After a week of care in the ICU, my mother was stable enough to be transferred back to a medical floor. For the next three weeks, she experienced a roller-coaster of fluid overload, infection and shortness of breath. We visited daily and planned for her to come to my home. From my work in hospice, I know the power of being at home in one’s final weeks, surrounded by familiar things, where family can come and go, can settle in for long conversations or no conversation at all. I had turned my family’s guest bedroom into a hospital room complete with oxygen, and my sisters and I continued to work with the hospital social workers to put home care services in place.

On discharge day, ambulance drivers were already in her room when a nurse informed my sister, who had dressed mom and packed her things, that my mother was not medically stable. My mother’s white blood cells had risen, signaling that infection was still present. Her discharge was cancelled. That Sunday, extended family came to visit and be by her side. Her sister, Lucille, her lifelong soulmate, sat at the edge of my mother’s hospital bed. I watched as they held each other’s hands, consoling one another with gentle loving strokes. They looked into each other’s eyes and communicated in silence.

Mom died two days later, with my sister, Pandora, and me at her side in the ICU. We watched as my mother’s heart rate slowed. I know from experience how deeply present people can be at the end of life, and how important connection is in those final moments. I held her hand and whispered how much I loved her. A tear ran down my mother’s face. I know that she — with her beautiful mind — was right there with us. Her heart slowed, and she was gone.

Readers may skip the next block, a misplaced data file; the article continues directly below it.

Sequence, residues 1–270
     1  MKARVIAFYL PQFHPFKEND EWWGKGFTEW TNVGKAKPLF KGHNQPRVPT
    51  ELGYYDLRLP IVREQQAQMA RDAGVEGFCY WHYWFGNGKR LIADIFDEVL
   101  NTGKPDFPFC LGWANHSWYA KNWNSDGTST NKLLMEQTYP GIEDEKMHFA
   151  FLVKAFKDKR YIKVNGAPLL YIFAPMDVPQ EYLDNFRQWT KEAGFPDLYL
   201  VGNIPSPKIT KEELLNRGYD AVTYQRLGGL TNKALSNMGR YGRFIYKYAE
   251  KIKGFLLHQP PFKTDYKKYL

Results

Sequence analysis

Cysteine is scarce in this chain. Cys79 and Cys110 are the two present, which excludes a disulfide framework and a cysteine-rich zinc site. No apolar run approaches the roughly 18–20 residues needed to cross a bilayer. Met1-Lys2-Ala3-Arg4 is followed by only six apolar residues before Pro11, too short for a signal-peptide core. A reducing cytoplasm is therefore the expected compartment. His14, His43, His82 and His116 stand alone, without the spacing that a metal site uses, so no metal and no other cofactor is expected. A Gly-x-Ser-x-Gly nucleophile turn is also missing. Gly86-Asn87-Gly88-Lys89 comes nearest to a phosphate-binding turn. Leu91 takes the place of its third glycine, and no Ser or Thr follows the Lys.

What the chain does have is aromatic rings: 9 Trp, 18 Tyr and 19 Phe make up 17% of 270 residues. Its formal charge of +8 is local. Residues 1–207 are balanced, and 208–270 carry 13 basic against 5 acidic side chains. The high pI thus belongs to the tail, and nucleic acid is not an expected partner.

Like millions of Americans — 60 percent of all deaths — Michelle’s mother died in the hospital. And like so many, this was not how she or her family would have preferred it. Despite their best efforts, the opportunity Michelle’s mother had to die at home was halted not only because of an infection, but because everyone thought there was more time to talk about death — to “have the conversation.” Even when hospice or palliative care is introduced into the plan of care, a study in the Journal of the America Medical Association shows that 28 percent of hospice users are enrolled for three days or less, and that 40 percent of these late hospice referrals were in the ICU prior to entering hospice.

We need to do better than this.